Historic health disparities make COVID-19 more lethal for Blacks
Exposing the racial fault lines
Merdies Hayes Managing Editor | 5/22/2020, midnight
“Black people, please, please, please understand that coronavirus, you can get it.”
That was actor Idris Elba in late March, among the first Black celebrities to announce he had tested positive for coronavirus. “There are so many stupid, ridiculous conspiracy theories about Black people not being able to get it,” Elba continued. “That’s dumb, stupid. All right?”
The quick spread of the COVID-19 pandemic across the United States has exposed racial fault lines, with early data showing that African-Americans are more likely to die from the disease than White Americans. The data has been piecemeal, with only some states and counties breaking down COVID-19 cases and outcomes by race. But even without nationwide data, the numbers are stark. Where race data has come in, by mid-April, African-Americans have accounted roughly 42 percent of COVID-19 deaths while representing only 13 percent of the nation’s population.
Blacks more likely to be exposed
African-Americans are more likely to be exposed to COVID-19. The Centers for Disease Control and Prevention (CDC) confirmed this startling news in a study published one month ago “Morbidity and Mortality Weekly Report.” The study revealed to the larger public what most Black people had known for generations: Jobs like caregivers, cashiers, postal workers, sanitation workers and public transit employees are primarily filled by African-Americans. By early April, 35 percent of people who had been hospitalized with COVID-19 were African-American.
In the workforce prior to the shutdown, almost 30 percent of employed African-Americans worked in the education and health services industries, and 10 percent in the retail industry, according to 2019 data from the U.S. Bureau of Labor Statistics. African-Americans are less likely than employed people in general to work in professional and businesses services—the type of jobs more amenable to telecommuting.
Because a significant percentage of Black persons rely on public transit—about 34 percent according to a 2017 report conducted by the Pew Research Center—continued use of buses and/or trains during the pandemic may bring African-Americans into greater contact with infected persons.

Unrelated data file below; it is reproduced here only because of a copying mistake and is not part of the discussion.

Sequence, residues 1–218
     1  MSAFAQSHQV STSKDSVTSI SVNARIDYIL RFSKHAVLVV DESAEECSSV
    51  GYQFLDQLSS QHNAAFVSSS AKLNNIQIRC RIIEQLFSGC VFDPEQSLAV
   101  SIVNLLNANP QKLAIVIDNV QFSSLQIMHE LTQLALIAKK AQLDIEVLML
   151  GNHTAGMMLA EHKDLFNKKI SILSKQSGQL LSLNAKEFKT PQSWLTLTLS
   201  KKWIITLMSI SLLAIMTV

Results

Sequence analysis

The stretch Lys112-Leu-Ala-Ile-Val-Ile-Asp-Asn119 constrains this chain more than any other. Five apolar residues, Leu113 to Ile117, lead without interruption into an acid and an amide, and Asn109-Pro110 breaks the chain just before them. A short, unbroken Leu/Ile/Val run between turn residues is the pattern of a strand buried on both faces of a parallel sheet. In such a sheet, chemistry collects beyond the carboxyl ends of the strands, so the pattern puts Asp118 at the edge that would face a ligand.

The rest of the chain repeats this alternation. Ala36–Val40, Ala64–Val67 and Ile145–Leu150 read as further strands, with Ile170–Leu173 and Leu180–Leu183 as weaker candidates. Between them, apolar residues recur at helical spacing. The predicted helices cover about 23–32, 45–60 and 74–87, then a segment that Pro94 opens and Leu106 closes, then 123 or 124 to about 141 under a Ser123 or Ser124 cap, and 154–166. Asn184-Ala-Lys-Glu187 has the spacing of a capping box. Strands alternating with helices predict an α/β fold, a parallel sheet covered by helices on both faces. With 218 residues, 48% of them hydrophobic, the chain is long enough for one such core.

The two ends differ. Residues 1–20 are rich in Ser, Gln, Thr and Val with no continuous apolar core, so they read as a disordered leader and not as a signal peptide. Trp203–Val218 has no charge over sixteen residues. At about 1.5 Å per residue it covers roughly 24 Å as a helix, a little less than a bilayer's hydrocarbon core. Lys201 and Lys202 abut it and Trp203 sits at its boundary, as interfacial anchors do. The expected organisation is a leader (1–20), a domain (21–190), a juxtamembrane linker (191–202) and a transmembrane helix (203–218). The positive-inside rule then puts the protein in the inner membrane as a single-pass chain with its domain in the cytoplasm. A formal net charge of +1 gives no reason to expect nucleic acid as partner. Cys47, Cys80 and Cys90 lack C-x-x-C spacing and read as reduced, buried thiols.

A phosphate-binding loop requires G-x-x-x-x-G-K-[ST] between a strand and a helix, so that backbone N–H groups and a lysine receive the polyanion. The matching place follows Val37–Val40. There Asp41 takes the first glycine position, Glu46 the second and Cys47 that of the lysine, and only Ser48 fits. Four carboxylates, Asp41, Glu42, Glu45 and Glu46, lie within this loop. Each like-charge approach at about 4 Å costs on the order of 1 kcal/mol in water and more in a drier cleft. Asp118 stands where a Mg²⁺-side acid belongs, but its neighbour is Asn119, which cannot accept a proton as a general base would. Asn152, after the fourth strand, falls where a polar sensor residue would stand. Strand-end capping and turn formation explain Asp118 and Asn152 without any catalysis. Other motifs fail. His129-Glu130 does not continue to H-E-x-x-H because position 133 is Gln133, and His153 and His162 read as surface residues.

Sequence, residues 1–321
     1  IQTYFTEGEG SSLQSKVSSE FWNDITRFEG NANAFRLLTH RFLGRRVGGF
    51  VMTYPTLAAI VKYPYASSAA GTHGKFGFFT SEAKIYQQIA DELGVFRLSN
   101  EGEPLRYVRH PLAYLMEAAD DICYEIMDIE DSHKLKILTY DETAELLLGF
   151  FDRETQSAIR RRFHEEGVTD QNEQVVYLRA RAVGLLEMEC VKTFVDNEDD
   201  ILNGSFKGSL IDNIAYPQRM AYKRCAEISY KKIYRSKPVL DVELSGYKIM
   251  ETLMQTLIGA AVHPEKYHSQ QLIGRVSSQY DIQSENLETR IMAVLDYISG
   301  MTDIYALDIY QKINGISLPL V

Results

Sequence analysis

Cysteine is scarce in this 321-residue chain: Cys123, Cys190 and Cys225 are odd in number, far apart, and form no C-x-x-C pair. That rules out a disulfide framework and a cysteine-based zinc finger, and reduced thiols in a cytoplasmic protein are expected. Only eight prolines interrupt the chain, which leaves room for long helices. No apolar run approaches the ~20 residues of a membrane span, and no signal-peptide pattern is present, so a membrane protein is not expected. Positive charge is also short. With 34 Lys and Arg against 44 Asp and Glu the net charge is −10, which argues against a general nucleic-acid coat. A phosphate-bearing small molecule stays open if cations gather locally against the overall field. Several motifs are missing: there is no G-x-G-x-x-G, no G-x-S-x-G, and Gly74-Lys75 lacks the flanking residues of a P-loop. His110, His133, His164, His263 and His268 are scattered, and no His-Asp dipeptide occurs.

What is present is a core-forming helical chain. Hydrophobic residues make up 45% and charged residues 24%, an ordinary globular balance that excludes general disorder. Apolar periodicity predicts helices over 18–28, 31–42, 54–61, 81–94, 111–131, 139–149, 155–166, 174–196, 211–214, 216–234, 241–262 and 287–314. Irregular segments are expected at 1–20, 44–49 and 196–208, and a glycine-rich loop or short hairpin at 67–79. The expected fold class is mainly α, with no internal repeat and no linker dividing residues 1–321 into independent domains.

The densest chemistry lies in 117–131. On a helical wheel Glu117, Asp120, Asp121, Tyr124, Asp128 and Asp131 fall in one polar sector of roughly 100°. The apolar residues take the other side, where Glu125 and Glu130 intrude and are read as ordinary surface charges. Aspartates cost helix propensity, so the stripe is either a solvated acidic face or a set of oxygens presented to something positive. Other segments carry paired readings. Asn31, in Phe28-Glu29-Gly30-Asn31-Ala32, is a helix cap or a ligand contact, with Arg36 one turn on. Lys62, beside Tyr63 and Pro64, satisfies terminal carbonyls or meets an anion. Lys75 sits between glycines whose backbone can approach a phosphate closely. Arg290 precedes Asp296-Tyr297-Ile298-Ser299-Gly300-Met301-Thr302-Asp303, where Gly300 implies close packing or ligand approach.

Also, a disproportionately high percentage of African-Americans may live in places that could increase their exposure. Census data from January show that only 44 percent of African-Americans own their own home, compared with almost 74 percent of White persons. When considering a family residing in a crowded inner-city apartment building, that scenario only increases the chance of one or more persons from that Black family contracting coronavirus.
Underlying health conditions
African-Americans have a higher incidence of underlying health conditions. Among those at highest risk of getting severely ill with COVID-19 are persons suffering from hypertension/heart disease, diabetes, high cholesterol, obesity and asthma. The American Heart Association notes that more than 40 percent of African-Americans have high blood pressure—among the highest rates in the world. Similarly, African-Americans tend to have much higher rates of diabetes than any other ethnic group in the nation.
Another aspect of the heightened risk has to do with African-American’s disproportionate exposure to air pollution. With the urgency to improve the metrics of climate change, such pollution has been linked to chronic health problems among Black persons including asthma, obesity and cardiovascular disease.
The heavy flow of vehicle traffic in the inner-city—along with a lack of sufficient green space for exercise—may demonstrate that African-Americans are especially prone to higher levels of lead and air pollution.
Van Jones, the political commentator who formerly worked in the Obama Administration as a staunch advocate of the Affordable Care Act, said “high-density’ locales among African-Americans have contributed to the high rates of coronavirus infection within the community
“Coronavirus spreads faster in locations with higher density, such as cities,” Jones said. “Black Americans are more likely to live in urban counties than suburban or rural ones. And within these areas, Black Americans are more likely to have lower incomes, which may press them into crowded living conditions.”
Chronic disinvestment in Black community
Jones’ comments echo many reports that illustrate a number of structural factors that may contribute to more Black people becoming infected and dying from the virus. African-Americans may suffer more infections because they are exposed more, and once they are infected they are dying more because they have borne the burden of chronic disinvestment (and) active socio-political neglect of their community.